In the coming years, many factors will influence golf course irrigation design, construction and operation. Irrigation consultant Michael J. Krones, Ph. D, outlines what the industry can expect to see over the next decade and beyond.

Irrigation consultant Michael J. Krones, Ph. D.
Irrigation consultant Michael J. Krones, Ph. D.

Advances in technology and agronomy will continue to result in changes in golf course irrigation design, construction, and operation. Irrigation water availability and climate change are the most critical driving factors behind these changes. The public’s interest in golf and its expectations for the appearance and playability of the course will also continue to have impacts on irrigation design.

Technological and agronomic advances will be adopted based on the function of golf course irrigation: promotion of a healthy and robust turf, accurate use of water, minimization of wasted water, optimization of energy consumption, and optimization of labor costs. In pursuit of these goals we will see better sprinklers, better sensors, and better control systems.

New turf cultivars combined with what architects and the public desire (and perhaps, can tolerate) may result in some changes in the amount and nature of the water used for irrigation. It may be possible to have successful golf courses located in areas that are now impractical from a climate perspective or where currently acceptable water volumes and quality prohibit such endeavors. These possibilities don’t necessarily influence the irrigation system – it’s likely that all of the turf will need some level of irrigation, either as the sole source of plant moisture or as a supplement to natural water. But such changes may result in less irrigated landscape and perhaps necessitate more accurate application of the water. That may mean more sprinklers per unit area of turf with more specific control features.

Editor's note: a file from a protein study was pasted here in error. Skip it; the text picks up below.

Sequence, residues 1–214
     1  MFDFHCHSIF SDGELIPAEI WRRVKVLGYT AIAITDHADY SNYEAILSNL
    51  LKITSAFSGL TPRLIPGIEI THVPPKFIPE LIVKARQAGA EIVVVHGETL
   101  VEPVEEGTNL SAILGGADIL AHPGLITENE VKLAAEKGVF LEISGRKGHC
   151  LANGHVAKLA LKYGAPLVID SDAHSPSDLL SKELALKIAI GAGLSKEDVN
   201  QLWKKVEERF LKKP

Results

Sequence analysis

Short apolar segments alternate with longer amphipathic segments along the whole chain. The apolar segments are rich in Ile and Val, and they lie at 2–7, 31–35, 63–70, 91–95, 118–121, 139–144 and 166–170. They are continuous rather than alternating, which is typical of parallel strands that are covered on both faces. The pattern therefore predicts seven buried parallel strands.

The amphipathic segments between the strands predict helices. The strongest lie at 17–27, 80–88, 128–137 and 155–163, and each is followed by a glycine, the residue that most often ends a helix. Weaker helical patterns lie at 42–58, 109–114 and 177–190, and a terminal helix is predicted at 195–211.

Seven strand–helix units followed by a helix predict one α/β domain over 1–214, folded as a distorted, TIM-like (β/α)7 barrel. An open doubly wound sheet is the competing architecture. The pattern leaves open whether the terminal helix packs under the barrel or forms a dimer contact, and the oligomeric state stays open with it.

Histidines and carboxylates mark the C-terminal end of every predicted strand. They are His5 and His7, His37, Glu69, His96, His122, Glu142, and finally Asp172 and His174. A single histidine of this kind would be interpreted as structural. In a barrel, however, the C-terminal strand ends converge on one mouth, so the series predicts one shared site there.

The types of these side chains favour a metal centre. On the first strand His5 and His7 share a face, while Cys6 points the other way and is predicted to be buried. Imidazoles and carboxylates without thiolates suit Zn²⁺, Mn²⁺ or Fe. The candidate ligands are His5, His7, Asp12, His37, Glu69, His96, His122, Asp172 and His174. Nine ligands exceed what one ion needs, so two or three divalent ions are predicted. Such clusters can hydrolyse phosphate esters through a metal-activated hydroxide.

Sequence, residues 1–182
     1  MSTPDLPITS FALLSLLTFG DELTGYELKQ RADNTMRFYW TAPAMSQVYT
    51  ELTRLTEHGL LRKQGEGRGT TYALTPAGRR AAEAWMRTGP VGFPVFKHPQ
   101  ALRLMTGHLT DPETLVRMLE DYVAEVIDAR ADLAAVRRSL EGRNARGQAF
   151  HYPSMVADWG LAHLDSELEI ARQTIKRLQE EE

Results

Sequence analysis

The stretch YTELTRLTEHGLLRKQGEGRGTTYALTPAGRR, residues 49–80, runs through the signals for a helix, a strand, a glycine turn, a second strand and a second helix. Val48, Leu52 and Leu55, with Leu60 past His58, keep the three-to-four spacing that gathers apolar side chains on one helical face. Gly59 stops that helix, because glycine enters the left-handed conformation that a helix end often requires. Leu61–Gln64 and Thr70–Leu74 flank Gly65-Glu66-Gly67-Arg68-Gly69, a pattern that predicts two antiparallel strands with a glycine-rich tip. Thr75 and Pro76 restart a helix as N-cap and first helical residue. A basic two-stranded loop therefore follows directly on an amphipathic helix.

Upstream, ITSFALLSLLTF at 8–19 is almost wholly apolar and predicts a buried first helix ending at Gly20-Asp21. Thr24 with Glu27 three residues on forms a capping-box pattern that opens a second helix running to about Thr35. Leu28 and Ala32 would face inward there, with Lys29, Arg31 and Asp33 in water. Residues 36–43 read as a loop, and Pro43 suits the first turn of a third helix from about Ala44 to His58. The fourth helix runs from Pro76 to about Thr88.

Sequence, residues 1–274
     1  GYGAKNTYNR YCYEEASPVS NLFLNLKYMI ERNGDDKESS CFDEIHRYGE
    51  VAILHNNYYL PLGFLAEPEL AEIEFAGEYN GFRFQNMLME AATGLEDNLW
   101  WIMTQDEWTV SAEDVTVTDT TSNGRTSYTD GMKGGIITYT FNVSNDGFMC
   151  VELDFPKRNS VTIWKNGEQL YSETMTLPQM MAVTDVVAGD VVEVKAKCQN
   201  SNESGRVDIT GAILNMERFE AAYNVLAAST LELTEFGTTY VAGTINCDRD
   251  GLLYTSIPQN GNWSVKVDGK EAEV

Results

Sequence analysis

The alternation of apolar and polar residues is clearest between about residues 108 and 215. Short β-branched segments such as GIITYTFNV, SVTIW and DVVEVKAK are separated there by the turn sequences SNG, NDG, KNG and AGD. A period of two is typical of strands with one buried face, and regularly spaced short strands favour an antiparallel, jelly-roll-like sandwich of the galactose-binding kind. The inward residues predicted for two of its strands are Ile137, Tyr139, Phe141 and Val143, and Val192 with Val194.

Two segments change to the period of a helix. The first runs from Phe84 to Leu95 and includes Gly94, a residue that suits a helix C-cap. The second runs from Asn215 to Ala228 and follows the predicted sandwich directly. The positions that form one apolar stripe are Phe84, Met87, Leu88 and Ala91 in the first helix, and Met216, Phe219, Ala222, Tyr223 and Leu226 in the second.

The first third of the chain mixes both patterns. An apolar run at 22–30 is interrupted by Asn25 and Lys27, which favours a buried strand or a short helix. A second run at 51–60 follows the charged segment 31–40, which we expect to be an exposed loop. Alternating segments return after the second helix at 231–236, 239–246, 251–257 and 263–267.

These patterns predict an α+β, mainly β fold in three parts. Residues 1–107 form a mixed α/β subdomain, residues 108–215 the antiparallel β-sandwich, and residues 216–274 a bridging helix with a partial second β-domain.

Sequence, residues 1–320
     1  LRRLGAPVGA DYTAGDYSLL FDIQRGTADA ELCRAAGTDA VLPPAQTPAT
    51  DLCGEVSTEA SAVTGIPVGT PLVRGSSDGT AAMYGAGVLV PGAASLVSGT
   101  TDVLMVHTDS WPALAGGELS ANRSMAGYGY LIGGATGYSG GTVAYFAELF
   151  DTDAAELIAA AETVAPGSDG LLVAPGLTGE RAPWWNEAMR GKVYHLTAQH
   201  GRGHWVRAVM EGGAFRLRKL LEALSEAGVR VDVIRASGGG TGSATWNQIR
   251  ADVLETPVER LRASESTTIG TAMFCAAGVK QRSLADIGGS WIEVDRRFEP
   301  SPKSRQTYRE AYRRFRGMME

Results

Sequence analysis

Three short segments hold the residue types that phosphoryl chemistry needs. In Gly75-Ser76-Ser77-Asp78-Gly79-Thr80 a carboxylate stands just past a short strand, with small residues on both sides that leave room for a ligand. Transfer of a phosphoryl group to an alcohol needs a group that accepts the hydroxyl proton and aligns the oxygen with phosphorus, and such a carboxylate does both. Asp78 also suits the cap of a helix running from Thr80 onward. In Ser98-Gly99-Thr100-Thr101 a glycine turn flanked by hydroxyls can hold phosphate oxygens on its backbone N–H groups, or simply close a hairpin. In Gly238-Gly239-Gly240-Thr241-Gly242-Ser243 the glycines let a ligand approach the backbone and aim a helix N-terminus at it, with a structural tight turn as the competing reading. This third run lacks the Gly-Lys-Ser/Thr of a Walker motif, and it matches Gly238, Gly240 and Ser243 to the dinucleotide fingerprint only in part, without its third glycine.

Technological advances are likely to be the most obvious and useful changes. While it is unlikely that we’ll see an alternative to the pop-up sprinkler as a means of applying the water, we can expect improvements resulting from materials and methods of sprinkler construction and system (or supervisory) control and data acquisition technology.

Sprinkler manufacturers will continue to improve sprinkler performance by introduction of new materials and flow paths for use in the nozzles and rotational drives. The science and practical application of frictionless coatings is advancing rapidly. Perhaps that technology will become cost effective for the sprinkler and valve manufacturers. The result will be better distribution uniformity and lower head loss which will result in some modest water and energy conservation.

We are all familiar with communication and control system advances simply because we all use computers, phones, tablets, and other interconnected devices. Therefore it makes sense to have great expectations for advances in irrigation control technology. Accurate use of water with minimal waste requires environmental and system sensing feeding into control algorithms that regulate water application and operation of the irrigation system. A dense, distributed array of sensors, perhaps a mesh network, that includes soil moisture and temperature sensors and system pressure and flow sensors can help apply the required water where it is needed, minimize the loss of water through over-irrigation, evaporation, wind drift, and leaks, and minimize pumping energy. Imagine regulating pump power not just as a function of the pressure at the discharge from the pump station but of the pressure at the sprinkler.

Michael J. Krones, Ph.D., is the president and principal designer at Hydro Designs Inc. in Frederick, Md., a consulting firm specializing in design, construction management, service, and programming of irrigation systems and water pumping systems. Krones is an engineering design consultant specializing in water-related fields including irrigation systems, pumping systems, water and wastewater transport and treatment systems, and the development and maintenance of synthetic and natural aquatic environments.

Post republished from the July 6, 2015 edition of Golf Course Industry.